How we worked with Iona Handcrafted Books

By PRETTY BOOKS ON August 15, 2022
A window into our work.   Wondering how we can help your small business? These case studies showcase just some of the work we've done with our clients. From catching up on bookkeeping, to helping you understand your financials, to helping you make decisions and prepare for your future, there's a lot we can do. Read more in Case Studies).

Who we worked with

Mychal discovered the art of journal making in Italy in 1993. After her journal was stolen on vacation, she met an artist who specialized in hand crafting leather journals that offered to teach her the trade. She received so many compliments on her first journal that she started crafting them to sell to anyone who asked for one. In 1994, Iona Handcrafted Books was born. Now you can find Mychal’s handcrafted books on her website or in art fairs and expos across the country.

Our initial review

Mychal came to us for help reorganizing her books for 2020 and 2021. She previously worked with a bookkeeper but that relationship ended, leaving Mychal to try to keep up with the books herself. While Mychal is extremely passionate about crafting her journals, finance and accounting is not her favorite part of running her business. As far as money management and scalability goes, it is secondary to her love of art.

Here’s what we noticed when we took a closer look:

  • There was a lot of business and personal transactions in the books, and it wasn’t clear which was which
  • The client had supplemental income from Airbnb
  • A lot of transactions were categorized incorrectly
  • There wasn’t a lot of detail in the categorizations, making it hard to identify what everything was for
  • A lot of the transactions were categorized under an overarching “business expense” rather than being broken down into detailed categorizations
  • Some transactions were missing and unaccounted for in the books… it was as if they didn’t exist

What we did

In order to revitalize the books, we started from the beginning.

Step one: 🔄Sync QuickBooks with the bank account and import all transactions.

Step two: 🗄️Organize the Chart of Accounts (a document explaining how everything is categorized) so it makes sense to Mychal and is easy to understand for her next bookkeeper. This way Mychal can use her books to their full potential and without too much confusion.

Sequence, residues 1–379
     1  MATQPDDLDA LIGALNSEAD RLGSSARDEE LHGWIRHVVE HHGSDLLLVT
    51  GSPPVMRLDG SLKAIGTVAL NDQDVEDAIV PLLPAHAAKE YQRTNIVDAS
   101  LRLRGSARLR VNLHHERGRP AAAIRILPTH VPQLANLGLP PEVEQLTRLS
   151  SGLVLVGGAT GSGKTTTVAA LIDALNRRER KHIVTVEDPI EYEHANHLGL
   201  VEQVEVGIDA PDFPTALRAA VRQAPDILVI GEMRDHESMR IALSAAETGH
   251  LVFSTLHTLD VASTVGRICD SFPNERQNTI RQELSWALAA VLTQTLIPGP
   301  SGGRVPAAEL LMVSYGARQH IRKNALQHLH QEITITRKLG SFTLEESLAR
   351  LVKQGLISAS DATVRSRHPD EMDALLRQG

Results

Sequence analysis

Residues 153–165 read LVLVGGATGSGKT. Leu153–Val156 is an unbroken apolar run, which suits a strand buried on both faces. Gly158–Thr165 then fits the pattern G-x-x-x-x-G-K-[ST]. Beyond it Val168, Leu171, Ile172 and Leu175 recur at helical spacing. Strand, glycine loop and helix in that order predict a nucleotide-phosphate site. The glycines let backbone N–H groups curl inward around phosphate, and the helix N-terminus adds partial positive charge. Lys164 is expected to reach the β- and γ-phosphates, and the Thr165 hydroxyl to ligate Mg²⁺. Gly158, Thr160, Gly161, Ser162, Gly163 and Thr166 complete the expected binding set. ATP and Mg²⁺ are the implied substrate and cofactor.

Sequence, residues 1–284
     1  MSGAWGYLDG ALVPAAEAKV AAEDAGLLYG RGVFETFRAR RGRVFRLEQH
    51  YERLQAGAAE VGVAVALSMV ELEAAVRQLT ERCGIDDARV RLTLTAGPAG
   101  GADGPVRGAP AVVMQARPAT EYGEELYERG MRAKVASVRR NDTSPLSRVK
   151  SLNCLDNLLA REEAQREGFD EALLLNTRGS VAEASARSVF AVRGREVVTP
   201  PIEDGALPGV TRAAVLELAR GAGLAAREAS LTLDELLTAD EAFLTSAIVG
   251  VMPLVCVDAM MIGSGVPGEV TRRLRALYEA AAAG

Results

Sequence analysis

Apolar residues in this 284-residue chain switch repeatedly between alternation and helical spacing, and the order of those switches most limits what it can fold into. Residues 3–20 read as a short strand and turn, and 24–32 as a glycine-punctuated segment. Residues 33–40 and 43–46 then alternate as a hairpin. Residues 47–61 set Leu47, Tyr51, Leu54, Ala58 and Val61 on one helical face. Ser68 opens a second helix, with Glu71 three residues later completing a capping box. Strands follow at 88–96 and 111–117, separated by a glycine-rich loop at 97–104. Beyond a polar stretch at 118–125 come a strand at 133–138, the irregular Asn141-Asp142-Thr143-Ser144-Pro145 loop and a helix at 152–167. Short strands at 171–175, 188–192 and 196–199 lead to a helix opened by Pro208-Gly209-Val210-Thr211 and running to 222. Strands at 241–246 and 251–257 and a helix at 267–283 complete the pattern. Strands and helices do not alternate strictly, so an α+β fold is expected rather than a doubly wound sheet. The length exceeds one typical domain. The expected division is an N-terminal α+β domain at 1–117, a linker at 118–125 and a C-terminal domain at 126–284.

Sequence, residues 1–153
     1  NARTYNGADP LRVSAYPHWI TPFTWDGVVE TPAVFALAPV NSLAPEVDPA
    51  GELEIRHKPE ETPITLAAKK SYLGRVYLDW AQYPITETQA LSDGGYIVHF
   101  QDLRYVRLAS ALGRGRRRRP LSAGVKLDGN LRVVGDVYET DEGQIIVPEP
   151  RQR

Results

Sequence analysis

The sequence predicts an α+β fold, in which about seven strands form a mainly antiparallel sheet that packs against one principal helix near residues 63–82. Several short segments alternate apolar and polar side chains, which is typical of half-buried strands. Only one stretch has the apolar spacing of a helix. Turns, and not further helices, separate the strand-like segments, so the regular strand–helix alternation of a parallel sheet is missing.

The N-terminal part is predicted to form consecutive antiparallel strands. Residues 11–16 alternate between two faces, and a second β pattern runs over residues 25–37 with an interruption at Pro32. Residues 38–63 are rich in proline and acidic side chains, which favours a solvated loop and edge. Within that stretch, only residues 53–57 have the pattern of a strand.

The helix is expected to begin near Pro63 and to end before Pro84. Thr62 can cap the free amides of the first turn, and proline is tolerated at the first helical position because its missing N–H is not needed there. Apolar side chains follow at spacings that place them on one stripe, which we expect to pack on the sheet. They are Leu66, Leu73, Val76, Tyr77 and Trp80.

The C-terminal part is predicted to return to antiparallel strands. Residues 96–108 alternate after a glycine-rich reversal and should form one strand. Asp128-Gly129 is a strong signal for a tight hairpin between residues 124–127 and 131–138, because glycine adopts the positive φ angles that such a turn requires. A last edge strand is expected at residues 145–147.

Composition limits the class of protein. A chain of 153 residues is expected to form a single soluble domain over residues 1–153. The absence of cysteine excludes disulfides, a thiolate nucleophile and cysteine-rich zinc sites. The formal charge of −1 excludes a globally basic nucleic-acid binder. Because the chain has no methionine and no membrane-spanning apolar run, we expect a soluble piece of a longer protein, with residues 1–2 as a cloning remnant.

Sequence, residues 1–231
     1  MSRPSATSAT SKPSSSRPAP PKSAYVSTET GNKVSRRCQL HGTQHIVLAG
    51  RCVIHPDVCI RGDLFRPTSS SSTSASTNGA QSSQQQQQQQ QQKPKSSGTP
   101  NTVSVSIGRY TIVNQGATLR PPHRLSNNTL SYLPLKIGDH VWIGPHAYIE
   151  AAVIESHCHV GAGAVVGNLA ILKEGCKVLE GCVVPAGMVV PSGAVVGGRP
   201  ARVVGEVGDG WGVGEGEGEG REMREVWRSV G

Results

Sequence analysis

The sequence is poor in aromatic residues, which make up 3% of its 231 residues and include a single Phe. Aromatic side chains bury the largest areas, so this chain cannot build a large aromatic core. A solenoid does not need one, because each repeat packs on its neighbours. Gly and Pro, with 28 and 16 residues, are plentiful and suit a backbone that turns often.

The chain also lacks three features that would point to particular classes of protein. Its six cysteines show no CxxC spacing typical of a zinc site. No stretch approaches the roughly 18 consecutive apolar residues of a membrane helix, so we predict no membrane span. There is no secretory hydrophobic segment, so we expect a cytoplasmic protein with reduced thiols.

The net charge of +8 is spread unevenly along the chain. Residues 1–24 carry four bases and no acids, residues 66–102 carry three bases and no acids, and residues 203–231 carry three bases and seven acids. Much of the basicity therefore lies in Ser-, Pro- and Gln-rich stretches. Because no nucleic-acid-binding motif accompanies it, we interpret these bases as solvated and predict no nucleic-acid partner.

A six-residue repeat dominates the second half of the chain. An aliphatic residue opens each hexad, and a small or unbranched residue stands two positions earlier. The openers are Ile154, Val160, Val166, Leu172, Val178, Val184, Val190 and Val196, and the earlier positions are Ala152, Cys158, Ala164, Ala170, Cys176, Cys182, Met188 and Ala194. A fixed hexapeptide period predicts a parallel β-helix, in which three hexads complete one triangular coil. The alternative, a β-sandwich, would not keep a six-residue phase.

Step three: 🗂️Categorize everything, from transportation to supplies to personal expenses and everything in between. This step took some problem solving from the team. If something didn’t make sense for a handcrafted book company to pay for (i.e. moving expenses), we made our best guess at the category and flagged it so we could ask Mychal about it later.

Step four: 🤝Collaborate with the client. After our initial attempt to categorize transactions, we requested the client’s collaboration to review our work and ensure that the transactions were accurate.

Step five: 👀 Reconcile the bank statement against actual transactions, i.e. double check that all the transactions are there and match the bank statement. This is the step where we discovered some missing transactions that were recorded in the bank statement, but didn’t have a match in the books. During this step we also made sure no transactions were accounted for twice.

Step six: ⏩ Create a projection that shows what Mychal can expect in the next six months to a year. This projection was created specifically for her to ensure that it’s easy to use and understand and can provide valuable insight into how Iona is expected to do in the future.

Step seven: 👯 Consult with the client. Here’s where we really get our client onto the same page. We shared our findings, provided advisory, shared our projection, and helped Mychal get her business refreshed and revitalized for the future.

🔹Pro-tip: Get two credit cards- one personal and one business card. Only use your business CC for business transactions. Any moving expenses, lunches out, etc. should be on your personal CC. Another pro (besides making it easier to organize your books) is that some of these things could be a tax write off in your personal taxes.

Here’s what we saw

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The information provided in this post is for general informational and educational purposes only and is not a substitute for professional advice. Consult your financial, business, or tax advisor with respect to matters referenced in this post. Pretty Books assumes no liability for actions taken in reliance upon this information.
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